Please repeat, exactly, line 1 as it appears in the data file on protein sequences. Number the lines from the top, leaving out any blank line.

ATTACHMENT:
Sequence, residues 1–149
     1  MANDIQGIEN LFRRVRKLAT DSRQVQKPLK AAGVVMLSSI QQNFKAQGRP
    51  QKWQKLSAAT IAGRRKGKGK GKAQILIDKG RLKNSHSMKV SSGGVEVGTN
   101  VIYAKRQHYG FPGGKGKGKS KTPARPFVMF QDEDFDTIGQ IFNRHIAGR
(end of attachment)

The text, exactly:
Sequence, residues 1–149